When the civil war reached its conclusion, a wave of strikes and workers protests started across the United States. Working days were long, there was yet no 8-hour day and working conditions were poor. Employees often worked close together in factories, fire regulations were non-existent and child labor was common. The method of striking became increasingly popular among the workers. They stopped working and denied the bosses of the company any potential profits until their demands for fewer hours or more pay were met.
Socialists like the charismatic speaker Eugene V. Debs, who would later become head of the Socialist Party of America, organized these strikes. This was an unusual situation for the corporate bosses, since more workers’ rights meant fewer profits. The police, politicians and paid private detectives worked together on behalf of the capitalists to stop the strikes.
Socialism history – the hour of May 1st
Our holiday, Labor Day on May 1, has its origin in one of those Strikes. On May 1, 1886, a several-day long strike began for the eight-hour day in Chicago. On the third day of the strike, the police killed six strikers and the next day the violence escalated even further when an unknown person threw a bomb at a group of policemen who fired back into the crowd. There were international expressions of solidarity and many countries, including Austria, later declared May 1 as Labor Day and thus a holiday. The growing violence of the police finally ended the wave of strikes. The United States’ entry into World War I was accompanied by the end of the mass strikes and the arrest of the head of the Socialist Party of America, Eugene V. Debs.
Stock market crash and economic crisis in the 30s
On Black Thursday in 1929, stock prices on Wall Street in New York collapsed. Millionaires became beggars, ordinary workers became unemployed in the ensuing “Great Depression”. Poverty and mass unemployment suddenly shaped the United States and many other countries of the world. 25% of Americans, about 15 million people, were unemployed, many people fell into alcoholism.
Socialism History: How the “New Deal” saved the US
With the rise of fascism in Europe, there was concern about democracy and social solidarity in the USA. And one President took action against the consequences of the economic crisis. The Democratic US President Franklin Delano Roosevelt, supported by socialist advisors, developed the “New Deal”. The “New Deal” was a well thought-out reform package to overcome the economic crisis and reduce social ills.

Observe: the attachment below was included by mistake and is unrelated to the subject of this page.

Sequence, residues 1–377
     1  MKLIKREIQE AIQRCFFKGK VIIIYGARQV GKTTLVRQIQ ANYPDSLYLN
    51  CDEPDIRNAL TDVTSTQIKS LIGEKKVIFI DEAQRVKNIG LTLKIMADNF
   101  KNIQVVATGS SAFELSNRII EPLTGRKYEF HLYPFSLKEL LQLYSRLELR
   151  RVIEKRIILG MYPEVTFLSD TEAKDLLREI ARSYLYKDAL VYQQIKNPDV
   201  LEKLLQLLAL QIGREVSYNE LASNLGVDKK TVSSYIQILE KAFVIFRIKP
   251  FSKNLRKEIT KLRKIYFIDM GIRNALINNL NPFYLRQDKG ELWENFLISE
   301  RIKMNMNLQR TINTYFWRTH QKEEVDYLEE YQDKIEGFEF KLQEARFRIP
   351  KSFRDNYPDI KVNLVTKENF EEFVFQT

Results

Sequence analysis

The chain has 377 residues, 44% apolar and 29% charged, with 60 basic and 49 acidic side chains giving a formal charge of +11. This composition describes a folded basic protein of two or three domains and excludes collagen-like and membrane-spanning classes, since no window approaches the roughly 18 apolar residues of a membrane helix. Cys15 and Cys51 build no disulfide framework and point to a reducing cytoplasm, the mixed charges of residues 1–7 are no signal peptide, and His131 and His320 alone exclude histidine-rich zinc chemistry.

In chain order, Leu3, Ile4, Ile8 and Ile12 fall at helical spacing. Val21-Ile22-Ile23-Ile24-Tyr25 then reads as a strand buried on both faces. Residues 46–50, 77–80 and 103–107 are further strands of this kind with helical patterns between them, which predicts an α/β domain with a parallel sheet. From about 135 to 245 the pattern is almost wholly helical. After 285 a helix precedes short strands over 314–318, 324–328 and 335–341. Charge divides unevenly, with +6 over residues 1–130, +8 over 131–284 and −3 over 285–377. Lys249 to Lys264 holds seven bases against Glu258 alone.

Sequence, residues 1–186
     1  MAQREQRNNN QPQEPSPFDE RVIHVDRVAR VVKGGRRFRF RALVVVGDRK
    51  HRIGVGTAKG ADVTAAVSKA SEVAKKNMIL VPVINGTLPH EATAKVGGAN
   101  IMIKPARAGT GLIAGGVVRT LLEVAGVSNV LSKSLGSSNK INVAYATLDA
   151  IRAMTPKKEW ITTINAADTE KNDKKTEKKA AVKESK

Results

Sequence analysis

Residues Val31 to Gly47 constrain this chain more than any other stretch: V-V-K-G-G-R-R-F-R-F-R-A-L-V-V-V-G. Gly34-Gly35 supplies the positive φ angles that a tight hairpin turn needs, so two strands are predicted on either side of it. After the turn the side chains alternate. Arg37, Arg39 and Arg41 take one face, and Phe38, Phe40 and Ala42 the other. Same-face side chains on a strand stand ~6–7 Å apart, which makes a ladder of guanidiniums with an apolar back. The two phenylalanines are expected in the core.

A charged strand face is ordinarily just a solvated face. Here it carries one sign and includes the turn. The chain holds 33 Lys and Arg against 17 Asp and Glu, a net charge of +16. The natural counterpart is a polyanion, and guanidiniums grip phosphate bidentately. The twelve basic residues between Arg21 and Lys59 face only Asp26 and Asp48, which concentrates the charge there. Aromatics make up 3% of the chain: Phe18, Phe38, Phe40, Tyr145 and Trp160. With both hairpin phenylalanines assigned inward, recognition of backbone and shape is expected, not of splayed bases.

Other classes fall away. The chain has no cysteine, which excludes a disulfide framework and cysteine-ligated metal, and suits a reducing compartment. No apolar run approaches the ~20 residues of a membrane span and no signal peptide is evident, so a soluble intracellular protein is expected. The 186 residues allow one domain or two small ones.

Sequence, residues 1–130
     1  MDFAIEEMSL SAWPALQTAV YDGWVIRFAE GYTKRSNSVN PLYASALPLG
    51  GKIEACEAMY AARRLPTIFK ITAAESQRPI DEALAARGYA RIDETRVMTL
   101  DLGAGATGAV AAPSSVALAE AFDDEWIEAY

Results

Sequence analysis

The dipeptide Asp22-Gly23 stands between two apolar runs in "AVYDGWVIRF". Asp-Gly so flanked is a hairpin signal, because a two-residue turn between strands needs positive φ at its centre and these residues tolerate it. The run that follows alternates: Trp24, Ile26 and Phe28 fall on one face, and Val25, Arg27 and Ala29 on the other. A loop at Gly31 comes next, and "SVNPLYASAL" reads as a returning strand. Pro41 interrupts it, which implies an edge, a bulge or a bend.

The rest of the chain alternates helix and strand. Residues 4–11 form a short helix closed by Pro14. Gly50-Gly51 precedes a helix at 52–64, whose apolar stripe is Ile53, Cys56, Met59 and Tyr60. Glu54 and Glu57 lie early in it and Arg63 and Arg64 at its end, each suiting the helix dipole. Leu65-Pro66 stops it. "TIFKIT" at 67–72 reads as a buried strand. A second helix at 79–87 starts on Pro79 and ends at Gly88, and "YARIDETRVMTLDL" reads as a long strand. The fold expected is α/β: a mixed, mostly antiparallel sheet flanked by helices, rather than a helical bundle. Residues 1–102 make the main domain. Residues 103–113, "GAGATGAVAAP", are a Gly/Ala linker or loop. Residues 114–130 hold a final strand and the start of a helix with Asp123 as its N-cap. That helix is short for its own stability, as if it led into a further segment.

The term “New Deal” is a reference to shuffling the deck in card games. Franklin Delano Roosevelt reshuffled the cards in the USA. He introduced minimum wages , Americans received unemployment and health insurance and a progressive tax system. From then on, the rich had to pay more taxes than the poor. One of the main reasons why the economic crisis could be fought so effectively was that large-scale government construction projects created new jobs. Franklin Delano Roosevelt’s government invested 11 billion dollars in the construction of schools, hospitals and roads alone.
With the “New Deal” Roosevelt paved the way for a progressive social system for the USA and the USA felt a touch of social democracy with the “New Deal”. The economy boomed and the USA, as part of the Allies, was able to help defeat the Nazis in World War II.
Red Scare: Socialism becomes a “Red Danger”
After the end of the Second World War, in 1945, the USA and the Soviet Union face each other in Berlin. Nazi Germany is defeated, Europe is in ruins. A new conflict overshadowed the reconstruction process: the Cold War. The USA wanted to prevent the expansion of Soviet communism at all costs and was also prepared to lead wars with high losses, such as the Korean War in 1950-1953, in order to stop the expansion of power of the former ally, the Soviet Union.